My friend Karen came over this afternoon (Saturday, June 8th), and she brought her year-old baby, Jonathan. We sat on the grass outside my apartment, and Jonathan, in perpetual motion, walked all around both Karen and I, and pulled up bits of grass, making mud-pies with the dirt and grass-blades.
Jonathan laughed and babbled in baby-talk. He’s getting close to saying his first words, making bi-labial sounds. He’s such a delight, and a joy to watch and listen to.
I had picked up my mail during our walk, so after we sat down, I let Jonathan play with it. He was carrying pieces of it around and dropping them in various places. That didn’t bother me any, because I didn’t want any of it anyway, plus I loved that he was having so much fun with it.
Jonathan With a Dirty Face. He’s so CUTE!!
Being around Jonathan is making me realize something, a lot of things, actually.
The abuse I endured as a child was so extreme that I had to become multiple in order to survive, both physically and emotionally. Additionally, what was happening to me was so traumatic that I had to repress the memory of it, because, as a child, I wasn’t equipped emotionally to be able to process or handle what I was experiencing. The maturity required for that wouldn’t come until many years later. As a consequence, the first ten years of my life are pretty much blank.
As an adolescent, I babysat to earn money for clothes and other incidentals. One time, when I was about thirteen years old, I was taking care of a friend’s one-year-old baby, and the baby started crying and couldn’t stop. I think she had colic. Her crying turned into shrieking, and I couldn’t make her quiet down, and I didn’t know what to do. She kept on crying and shrieking and crying and crying, and I finally lost it, and started shaking her.
Immediately I got really scared, because instinctively I knew that what I’d done wasn’t right. So even though she was still crying, I put her down.
I’ve never forgotten that experience. Ultimately the baby did stop crying, thankfully, and I’m gratefully able to report that she suffered no lasting effects from being shaken. But I came to the conclusion after that babysitting session that I could no longer babysit, and I could not think of becoming a parent, even though, at the time, I had no memory of being abused. I was sure that, if I had children, I would abuse them. I had no idea on what I was basing that fear, other than that one time of babysitting. I just knew with a strong certainty that I would abuse any children I produced if I were married. So that also meant I could never be married.
At the time I was a little disappointed about the idea of not being able to be married, because I’d long held a dream of an amazing wedding ceremony with a beautiful wedding dress and lots of gorgeous flowers. But a wonderful day meant nothing along side a life of misery if the miserable life was made that way because I was treating my children in unloving and ungodly ways by abusing the life out of them.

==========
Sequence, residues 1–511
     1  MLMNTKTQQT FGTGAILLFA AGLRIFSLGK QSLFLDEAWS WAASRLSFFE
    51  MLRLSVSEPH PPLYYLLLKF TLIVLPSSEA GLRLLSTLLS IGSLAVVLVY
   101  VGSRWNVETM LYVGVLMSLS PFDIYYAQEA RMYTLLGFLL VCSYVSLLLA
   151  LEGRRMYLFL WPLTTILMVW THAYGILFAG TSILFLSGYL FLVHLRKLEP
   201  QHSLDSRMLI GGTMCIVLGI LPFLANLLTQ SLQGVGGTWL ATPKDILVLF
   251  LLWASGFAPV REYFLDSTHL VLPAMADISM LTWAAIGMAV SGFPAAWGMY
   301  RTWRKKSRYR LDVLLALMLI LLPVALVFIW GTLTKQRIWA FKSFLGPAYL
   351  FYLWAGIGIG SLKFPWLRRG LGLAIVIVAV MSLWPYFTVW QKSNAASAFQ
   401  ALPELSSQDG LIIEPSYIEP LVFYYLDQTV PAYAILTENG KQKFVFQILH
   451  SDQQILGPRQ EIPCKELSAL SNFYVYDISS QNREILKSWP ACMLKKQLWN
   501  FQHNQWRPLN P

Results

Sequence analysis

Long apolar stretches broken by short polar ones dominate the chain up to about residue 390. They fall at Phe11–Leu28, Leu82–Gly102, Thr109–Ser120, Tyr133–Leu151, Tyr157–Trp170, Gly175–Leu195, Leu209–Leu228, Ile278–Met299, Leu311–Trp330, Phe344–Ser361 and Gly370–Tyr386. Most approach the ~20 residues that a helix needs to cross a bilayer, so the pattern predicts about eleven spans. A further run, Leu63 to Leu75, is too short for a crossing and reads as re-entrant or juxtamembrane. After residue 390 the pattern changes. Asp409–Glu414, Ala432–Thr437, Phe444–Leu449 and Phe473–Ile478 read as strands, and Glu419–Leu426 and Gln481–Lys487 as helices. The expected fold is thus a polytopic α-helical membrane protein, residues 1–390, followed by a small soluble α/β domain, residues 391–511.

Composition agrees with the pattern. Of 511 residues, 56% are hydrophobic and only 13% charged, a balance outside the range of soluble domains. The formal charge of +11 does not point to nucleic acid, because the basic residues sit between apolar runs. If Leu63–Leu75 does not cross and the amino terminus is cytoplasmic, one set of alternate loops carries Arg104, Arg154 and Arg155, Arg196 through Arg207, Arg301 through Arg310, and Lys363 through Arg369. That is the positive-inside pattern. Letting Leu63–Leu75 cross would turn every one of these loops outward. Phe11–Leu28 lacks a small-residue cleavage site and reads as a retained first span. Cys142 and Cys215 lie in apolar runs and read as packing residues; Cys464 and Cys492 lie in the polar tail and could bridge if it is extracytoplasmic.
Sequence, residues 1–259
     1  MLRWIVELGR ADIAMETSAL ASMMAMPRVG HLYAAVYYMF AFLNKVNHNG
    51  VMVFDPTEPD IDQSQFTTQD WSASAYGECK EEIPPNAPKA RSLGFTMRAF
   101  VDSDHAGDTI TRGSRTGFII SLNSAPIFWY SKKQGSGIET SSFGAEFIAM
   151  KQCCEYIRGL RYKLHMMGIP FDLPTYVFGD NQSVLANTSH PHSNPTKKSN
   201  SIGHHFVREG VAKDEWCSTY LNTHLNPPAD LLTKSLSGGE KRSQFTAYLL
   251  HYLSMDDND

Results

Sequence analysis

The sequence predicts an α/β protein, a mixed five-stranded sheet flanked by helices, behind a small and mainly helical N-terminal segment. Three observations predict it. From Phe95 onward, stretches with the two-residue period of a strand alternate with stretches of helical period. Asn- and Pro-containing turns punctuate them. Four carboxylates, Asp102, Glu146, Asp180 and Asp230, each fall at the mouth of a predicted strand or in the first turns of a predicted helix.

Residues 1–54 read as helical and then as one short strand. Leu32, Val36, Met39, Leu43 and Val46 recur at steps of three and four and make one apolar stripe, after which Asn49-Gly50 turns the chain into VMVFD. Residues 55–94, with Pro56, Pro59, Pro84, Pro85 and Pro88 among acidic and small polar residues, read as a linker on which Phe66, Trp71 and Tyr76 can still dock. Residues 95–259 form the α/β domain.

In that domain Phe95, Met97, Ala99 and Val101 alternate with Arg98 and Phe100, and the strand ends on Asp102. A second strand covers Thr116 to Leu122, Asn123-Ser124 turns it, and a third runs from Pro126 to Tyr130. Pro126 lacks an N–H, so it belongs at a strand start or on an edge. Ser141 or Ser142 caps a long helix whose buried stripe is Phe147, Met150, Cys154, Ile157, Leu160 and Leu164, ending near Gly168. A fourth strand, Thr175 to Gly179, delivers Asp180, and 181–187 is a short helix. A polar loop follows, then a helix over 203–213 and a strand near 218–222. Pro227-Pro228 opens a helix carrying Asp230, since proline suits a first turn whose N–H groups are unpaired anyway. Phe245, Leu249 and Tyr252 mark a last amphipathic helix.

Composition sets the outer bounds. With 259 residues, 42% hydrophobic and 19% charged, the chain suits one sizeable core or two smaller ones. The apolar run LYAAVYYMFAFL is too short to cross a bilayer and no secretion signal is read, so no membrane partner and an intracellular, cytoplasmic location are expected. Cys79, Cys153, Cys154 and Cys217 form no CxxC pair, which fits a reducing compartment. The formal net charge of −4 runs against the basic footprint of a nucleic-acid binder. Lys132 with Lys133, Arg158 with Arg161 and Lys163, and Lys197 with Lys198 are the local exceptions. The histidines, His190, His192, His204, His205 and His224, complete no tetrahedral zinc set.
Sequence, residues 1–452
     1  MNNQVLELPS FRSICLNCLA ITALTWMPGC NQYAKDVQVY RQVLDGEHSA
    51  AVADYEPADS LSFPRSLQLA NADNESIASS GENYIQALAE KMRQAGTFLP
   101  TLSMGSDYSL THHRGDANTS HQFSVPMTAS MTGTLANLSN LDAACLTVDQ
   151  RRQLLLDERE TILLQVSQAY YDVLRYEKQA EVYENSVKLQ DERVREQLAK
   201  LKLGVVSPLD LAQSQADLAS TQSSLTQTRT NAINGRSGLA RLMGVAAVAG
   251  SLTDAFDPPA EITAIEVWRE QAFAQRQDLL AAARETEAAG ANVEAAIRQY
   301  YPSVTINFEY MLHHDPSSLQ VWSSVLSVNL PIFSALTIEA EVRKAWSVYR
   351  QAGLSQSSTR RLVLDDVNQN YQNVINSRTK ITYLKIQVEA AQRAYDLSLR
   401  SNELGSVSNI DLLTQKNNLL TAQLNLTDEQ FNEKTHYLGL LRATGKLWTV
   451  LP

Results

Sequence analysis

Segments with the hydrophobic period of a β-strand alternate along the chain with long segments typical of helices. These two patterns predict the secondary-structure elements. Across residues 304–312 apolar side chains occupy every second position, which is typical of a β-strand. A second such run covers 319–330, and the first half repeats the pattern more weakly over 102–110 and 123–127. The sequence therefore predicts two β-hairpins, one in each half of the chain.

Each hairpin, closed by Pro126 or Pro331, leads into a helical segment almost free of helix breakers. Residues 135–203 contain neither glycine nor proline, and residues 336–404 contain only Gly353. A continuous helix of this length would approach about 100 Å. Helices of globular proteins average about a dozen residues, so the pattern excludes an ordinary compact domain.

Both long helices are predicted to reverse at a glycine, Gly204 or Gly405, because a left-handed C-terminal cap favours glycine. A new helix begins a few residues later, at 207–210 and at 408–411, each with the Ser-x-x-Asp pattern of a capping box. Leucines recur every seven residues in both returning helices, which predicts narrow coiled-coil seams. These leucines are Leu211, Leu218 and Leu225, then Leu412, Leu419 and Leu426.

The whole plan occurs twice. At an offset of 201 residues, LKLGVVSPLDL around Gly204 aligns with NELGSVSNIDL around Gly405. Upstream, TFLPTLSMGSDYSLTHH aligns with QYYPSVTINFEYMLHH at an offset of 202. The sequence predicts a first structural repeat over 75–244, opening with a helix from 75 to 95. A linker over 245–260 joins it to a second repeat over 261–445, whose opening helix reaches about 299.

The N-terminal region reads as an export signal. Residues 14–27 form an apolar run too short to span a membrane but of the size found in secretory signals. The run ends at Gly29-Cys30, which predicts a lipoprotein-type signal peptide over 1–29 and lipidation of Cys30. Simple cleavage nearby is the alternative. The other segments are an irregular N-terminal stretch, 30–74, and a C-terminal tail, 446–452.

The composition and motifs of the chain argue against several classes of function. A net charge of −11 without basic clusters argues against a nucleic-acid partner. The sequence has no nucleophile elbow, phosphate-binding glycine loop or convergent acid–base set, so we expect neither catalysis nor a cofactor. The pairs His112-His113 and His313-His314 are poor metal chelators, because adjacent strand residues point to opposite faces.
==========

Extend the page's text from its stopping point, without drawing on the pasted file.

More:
In later years, after memories started to surface and I began to fill in the ten blank years with reality, I began to understand why I was afraid of having children. I began to see that my fear of abusing any children that I might have was realistic, based on what I’d gone through myself, though my reasons for not wanting to be married changed somewhat. Part of the reason still had to do with fear of abusing my children, but I now realized I was terrified of sex as well, because of what Harry had done to me throughout my childhood (see the post from October 10, 2016 called Am I Afraid of Anger or Do I Get Angry At the Fear? for a good explanation).
All of that is to say that God has done a tremendous amount of healing in me, and I’ve only come to realize just how much in the past year since being around Jonathan.
Once I knew what was in my background I made it point to never be alone with small children and/or babies. I’ve never been afraid I would abuse them sexually. I’ve never been tempted in that way. In fact, the idea of doing that is utterly repugnant to me. What I’m terrified of is that I would hurt them physically.
But since Jonathan came into my life, I’ve had several opportunities to be alone with him, and even though there were times that he began to cry, I was never triggered or tempted, not even a little bit, to hurt him or get upset with him.
Wow! Just Wow!! I’m in awe at the wonderful works of God! I can feel a qualitative difference inside from the way it used to be. It used to be that when I was around a child and that child started crying, I could feel a lump rising in my throat, and my fists would start to clench and unclench. I could feel tension building up inside, and the lump in my throat would begin to make my throat close. I would want to scream at the child, “SHUTUP!! STOPCRYING!!“ until the crying stopped, and I could barely keep from hitting or shaking the child to make him or her stop crying, though logically, if you hit a kid, or shake him, he won’t stop crying. He’ll cry even more. Duh!!
Needless to say, you can see why I had to stay away from children!
But it’s different now. All of those negative feelings are gone, thank God. Now I feel a wonderful peace, and a deep, abiding joy when I’m with Jonathan. I’m able to sing to him, and play with him, and just enjoy being with him, rather than worrying that he’s going to trigger me into abusing him. I will probably always be careful when I’m around children, out of an abundance of caution, because I would never, ever, want to be guilty of hurting one of God’s innocents in the way I was hurt. But I’m so grateful to God for healing me in such marvelous ways that I can now allow myself to be around children. Having to keep myself away from them always caused me tremendous heartache, because I love children! They’re amazing!
Thank you, Jesus!!